THIS IS A sound map made up of recordings taken from the BBC's database of freely-available sound effects. You can search the database here – bbcsfx.acropolis.org.uk – and download the recordings yourself in WAV format. They're all under BBC copyright but can be used for non-commercial purposes, and the database's homepage links to more detailed information about this.
A large majority of the 16,000-odd sound effects recordings don't have a place of origin noted and many were created entirely in the studio. However, about 400 are from known locations across the United Kingdom, and from those I've selected just over 300 for presentation by leaving out near-duplicates and a few others. The BBC's numerical filenames have been replaced with descriptive ones, and brief descriptions of the recordings have been copied from the database. You can use placenames and other distinctive words from the descriptions to look up the original recordings on the sound effects website.
Picking the mid-1980s as a cut-off helps emphasise the historical interest of this collection. Through it snatches can be overheard of an older country of coal mines and shipyards, street markets and trawler fleets and trams. Others bear witness to more specific disappearances, like that of the one o'clock gun in Liverpool. There also seems to have been an insatiable fascination with church bells, giving the impression of pre-war levels of religious observance.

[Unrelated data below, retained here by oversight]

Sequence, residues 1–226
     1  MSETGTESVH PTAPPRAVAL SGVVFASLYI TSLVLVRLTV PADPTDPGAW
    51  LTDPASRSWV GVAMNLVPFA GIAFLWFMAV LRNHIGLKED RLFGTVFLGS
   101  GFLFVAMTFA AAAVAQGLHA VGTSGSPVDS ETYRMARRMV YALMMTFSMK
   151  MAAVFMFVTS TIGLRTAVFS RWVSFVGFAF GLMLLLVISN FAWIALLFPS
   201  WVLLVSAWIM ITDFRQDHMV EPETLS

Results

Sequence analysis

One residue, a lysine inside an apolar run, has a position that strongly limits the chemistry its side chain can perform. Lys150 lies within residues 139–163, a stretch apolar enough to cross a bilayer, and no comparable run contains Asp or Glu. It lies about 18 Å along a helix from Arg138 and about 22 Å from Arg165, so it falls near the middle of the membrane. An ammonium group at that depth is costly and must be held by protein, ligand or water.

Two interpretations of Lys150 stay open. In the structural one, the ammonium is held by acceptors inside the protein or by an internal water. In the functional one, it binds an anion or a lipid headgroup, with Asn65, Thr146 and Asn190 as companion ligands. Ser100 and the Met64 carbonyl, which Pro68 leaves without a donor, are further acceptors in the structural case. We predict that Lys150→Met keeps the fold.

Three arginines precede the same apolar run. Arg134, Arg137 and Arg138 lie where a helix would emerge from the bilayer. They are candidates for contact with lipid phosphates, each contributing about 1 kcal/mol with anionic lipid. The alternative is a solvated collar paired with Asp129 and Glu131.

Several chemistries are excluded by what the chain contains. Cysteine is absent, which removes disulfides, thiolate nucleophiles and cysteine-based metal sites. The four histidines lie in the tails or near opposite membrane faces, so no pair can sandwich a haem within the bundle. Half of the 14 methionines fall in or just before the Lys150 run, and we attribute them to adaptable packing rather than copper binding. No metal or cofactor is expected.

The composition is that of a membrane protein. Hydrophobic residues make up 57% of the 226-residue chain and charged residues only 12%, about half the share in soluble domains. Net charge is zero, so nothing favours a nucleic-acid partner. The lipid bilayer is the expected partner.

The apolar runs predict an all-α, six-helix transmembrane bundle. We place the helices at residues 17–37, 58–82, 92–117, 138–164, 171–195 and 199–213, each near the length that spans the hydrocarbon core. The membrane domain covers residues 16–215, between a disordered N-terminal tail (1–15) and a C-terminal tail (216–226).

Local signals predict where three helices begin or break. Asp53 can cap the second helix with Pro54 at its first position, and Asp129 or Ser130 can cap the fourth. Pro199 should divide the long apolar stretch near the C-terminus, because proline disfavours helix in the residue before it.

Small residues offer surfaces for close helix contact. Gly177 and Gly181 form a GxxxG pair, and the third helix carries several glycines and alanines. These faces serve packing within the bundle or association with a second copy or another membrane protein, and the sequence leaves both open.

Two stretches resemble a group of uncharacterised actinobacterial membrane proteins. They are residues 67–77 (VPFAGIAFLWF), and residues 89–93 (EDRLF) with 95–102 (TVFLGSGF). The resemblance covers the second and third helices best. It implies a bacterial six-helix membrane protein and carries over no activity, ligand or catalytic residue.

The pie chart above shows the proportions of recordings according to broad subject categories, where places of origin are known. The sound effects database has a lot of industrial process sounds, but only rarely are their locations given. Church bells, on the other hand, are nearly always attributed to a particular church in a particular town or village. One result of this is to skew the country's representation on the sound map towards London and the South-east. This is a shame but unavoidable without levelling down.
Throughout the rest of 2018 I'll be fleshing out many of the individual recording entries with some research on their subjects. In the meantime, I hope you enjoy listening to this contingent, half-hopeful account of the United Kingdom of the near past.